was more important to the judges, could easily be employed.
Witches needed unbaptized babies so they could sacrifice
them to the Devil, feast on them and use the remains
in potions. As midwives, they were in the perfect positions
to procure these infants.
The final reason for the number of women accused was
that they were weaker in every way. They did not have
the physical or political power to defend themselves.
As such, they were thought more likely to resort to
magic to help themselves. Which also meant that once
accused they had less to defend themselves with.
There are a number of reasons why witches tended to
be old. Firstly, witches tended to be prosecuted after
many years of suspicion. This tended to keep the age
up. Also, they tended to be wise women and healers,
titles which by definition involved age. A further explanation
lies in the fact that older people, especially those
who were senile, exhibited eccentric or anti-social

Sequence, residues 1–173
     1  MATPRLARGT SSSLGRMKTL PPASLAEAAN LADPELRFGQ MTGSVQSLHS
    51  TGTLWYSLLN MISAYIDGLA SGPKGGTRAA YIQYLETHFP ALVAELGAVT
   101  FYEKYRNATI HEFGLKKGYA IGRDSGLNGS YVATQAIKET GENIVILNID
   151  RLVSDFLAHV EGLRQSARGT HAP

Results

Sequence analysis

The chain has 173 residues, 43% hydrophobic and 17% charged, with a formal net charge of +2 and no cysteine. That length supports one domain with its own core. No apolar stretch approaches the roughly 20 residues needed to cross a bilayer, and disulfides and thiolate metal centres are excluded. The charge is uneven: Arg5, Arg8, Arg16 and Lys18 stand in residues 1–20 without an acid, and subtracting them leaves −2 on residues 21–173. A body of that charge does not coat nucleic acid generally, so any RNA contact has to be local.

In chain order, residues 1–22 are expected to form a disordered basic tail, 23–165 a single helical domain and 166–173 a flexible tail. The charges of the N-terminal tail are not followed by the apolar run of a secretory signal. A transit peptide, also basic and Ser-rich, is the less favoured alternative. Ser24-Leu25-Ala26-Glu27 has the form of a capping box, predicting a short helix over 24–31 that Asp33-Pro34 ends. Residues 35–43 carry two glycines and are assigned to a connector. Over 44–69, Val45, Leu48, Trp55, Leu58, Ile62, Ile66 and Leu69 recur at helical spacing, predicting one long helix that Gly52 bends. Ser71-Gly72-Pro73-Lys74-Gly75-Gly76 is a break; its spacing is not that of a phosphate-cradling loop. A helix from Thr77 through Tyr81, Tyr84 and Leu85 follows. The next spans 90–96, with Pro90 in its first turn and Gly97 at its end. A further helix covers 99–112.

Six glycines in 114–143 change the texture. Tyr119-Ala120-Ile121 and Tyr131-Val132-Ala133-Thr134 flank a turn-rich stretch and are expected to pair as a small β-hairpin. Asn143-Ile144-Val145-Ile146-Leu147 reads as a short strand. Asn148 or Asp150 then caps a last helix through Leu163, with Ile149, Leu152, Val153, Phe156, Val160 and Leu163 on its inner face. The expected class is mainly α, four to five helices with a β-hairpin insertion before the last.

behaviour that made people uncomfortable and tended
to invite accusations. A final reason was that older
people were less physically powerful and therefore more
likely to resort to magic to defend themselves or to
Underlying the depiction of the old, sexually varocious
was a deep male fear of sexually experienced, independent
women. This is partly the reason that old widows were
particularly susceptable to charges of witchcraft.
There is no definate trend related to the marital status
of witches when accused of witchcraft. However, the
percentage of unmarried (widowed or never married) was
higher than the percentage of those married.
Among the unmarried the widow was most likely to be
accused. In a partiarchal society, a women who was not
under the control of a husband or father was a source
of concern. The other cause for fear was that the number
of unmarried women was increasing. These women were
often considered a burden on society.
For those who were married, there were two main sources
of accusations. Firstly, from conflicts with spouse
and children. One of the attractions of witchcraft accusations
were that they allowed the expression of otherwise sociall
unacceptable feelings, for example of a child against
The second cause was when friction occured over property,
often belonging to the husband. Although married women
had no independent wealth or property, they often worked
alongside their husbands. They therefore, often found
themselves involved in disputes over rents, labour or
even possession of land.